Was the Royal Wedding that different to other weddings?

A photograph of the Duke and Duchess of Sussex on their wedding day.Did you watch the Royal Wedding?

My family and I were grateful for an invitation from a member of our congregation to join their Royal Wedding party and watch with friends and family around a big screen.

It was noticeable for many reasons but it was certainly the first Royal Wedding I experienced with my phone in my hand and social media literally exploding. Clearly, we were not the only ones tuning in.

As the watching people of the UK had their chance to comment and ask questions via social media in a way that has not been possible with previous such events, I noticed that, broadly, they were saying three things.

  1. They were surprised by enthusiasm and happiness in church.
  2. Christianity was talking about quite nice, good, useful stuff like love.
  3. The secular world did not have a monopoly on good ideas to bring about positive change to the world.

The watching audience seemed to be divided into those who had little experience of church and did not expect it to be interesting, intimate, joyful and moving, and the churchgoing audience who were looking at their non-church friends with incredulity saying “Well, duh! What? Do you think I go to church for the cold, hard pews and to fall asleep out of boredom?”

What pleased me most was that the Duke and Duchess of Sussex used the Church of England’s Common Worship liturgy to get married. It is the form of the service that is used hundreds, if not thousands of times, every week around the country in hundreds, if not thousands of churches, when other couples get married.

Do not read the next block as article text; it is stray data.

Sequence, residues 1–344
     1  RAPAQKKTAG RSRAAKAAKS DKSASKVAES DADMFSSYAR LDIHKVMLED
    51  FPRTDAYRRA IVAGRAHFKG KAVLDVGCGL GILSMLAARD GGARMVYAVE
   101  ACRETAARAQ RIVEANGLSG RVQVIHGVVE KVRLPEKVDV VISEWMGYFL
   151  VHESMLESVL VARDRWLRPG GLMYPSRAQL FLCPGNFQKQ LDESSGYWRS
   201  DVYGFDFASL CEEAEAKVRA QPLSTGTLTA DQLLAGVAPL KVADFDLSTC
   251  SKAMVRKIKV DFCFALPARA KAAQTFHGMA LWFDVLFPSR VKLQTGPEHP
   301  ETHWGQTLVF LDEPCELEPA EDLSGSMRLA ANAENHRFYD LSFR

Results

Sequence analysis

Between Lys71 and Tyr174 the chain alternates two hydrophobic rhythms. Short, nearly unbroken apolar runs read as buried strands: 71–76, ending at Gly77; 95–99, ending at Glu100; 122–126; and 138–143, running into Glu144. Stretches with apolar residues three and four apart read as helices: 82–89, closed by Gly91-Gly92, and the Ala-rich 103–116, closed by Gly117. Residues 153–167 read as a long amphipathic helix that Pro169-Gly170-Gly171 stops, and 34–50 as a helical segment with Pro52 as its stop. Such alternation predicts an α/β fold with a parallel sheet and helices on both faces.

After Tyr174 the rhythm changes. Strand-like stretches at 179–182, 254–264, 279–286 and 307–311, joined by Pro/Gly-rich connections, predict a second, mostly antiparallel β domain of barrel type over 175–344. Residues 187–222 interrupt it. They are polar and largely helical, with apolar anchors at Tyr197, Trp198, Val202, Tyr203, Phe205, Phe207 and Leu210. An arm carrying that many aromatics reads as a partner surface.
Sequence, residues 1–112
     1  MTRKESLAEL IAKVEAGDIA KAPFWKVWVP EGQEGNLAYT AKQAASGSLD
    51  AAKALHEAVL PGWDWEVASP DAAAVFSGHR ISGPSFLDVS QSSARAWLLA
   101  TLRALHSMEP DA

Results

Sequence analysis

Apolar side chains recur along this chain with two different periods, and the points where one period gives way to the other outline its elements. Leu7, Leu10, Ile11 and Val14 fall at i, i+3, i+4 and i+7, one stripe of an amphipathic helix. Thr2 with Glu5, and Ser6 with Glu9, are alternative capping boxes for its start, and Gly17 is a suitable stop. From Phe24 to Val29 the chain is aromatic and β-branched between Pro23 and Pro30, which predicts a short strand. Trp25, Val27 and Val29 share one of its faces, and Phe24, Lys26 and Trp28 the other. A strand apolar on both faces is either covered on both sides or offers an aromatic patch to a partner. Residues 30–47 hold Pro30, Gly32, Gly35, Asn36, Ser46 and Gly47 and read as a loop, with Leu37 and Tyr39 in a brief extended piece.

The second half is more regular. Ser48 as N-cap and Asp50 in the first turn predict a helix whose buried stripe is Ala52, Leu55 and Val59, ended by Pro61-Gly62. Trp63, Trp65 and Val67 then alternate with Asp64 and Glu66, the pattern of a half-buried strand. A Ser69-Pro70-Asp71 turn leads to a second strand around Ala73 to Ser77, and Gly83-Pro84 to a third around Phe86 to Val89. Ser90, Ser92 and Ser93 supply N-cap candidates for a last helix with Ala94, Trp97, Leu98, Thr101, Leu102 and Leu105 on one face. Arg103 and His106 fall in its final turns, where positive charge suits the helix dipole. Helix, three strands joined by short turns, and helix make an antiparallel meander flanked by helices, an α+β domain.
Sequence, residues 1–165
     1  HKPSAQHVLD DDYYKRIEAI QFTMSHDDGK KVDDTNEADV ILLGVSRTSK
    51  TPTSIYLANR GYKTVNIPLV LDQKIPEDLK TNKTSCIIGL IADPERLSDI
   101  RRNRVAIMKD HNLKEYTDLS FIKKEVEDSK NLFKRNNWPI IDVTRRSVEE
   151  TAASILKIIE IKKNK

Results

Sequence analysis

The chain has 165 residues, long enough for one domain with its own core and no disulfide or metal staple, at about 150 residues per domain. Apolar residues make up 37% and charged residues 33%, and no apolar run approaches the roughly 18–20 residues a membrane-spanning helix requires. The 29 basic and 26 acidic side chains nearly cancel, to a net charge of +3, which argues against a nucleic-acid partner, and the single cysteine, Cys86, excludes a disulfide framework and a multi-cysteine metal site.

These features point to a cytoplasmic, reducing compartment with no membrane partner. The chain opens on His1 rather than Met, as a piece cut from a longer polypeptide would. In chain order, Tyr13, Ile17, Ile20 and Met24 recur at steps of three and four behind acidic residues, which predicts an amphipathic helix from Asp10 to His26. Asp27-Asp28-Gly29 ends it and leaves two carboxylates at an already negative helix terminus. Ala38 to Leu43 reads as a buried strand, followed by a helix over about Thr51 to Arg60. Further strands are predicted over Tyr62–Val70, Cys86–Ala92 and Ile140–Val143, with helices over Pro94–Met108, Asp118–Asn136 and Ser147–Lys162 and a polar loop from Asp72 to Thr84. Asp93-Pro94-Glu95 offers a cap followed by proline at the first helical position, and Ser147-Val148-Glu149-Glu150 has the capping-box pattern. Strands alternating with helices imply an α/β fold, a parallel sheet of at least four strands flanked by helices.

Unlike William and Kate (who opted for the more traditional Book of Common Prayer), the service was contemporary, intelligible and clear, but also celebratory, joyful and full of grace.

I’m not sure who is at fault when such obvious ignorance of church is made clear. Is it my fault, the church’s fault, that the watching world don’t know that this is what we do, this is who we are? Clearly some of the blame is ours.

Or is it the wider public’s fault? They’ve bought into a stereotype seen in the media, on soap operas, and novels, and failed to actually bother to check out God and church for themselves. Should they not be responsible for the decision to make their own minds up about what it is Christians do, say and believe?

I can’t offer you a top-notch Gospel Choir, or a genius teenage Cellist, or even an enthusiastic African-American Bishop! I can’t offer you that.

But if you want to find a community where we worship and make music, celebrate all that is good in life, consider ancient wisdom and traditions and how they might help our lives, support and help one another in community, honour the best of modern life, and seek a life and world beyond what we see, seeking life in all its fulness and God as God is to be found, then I can definitely offer you that.

Rev David Green

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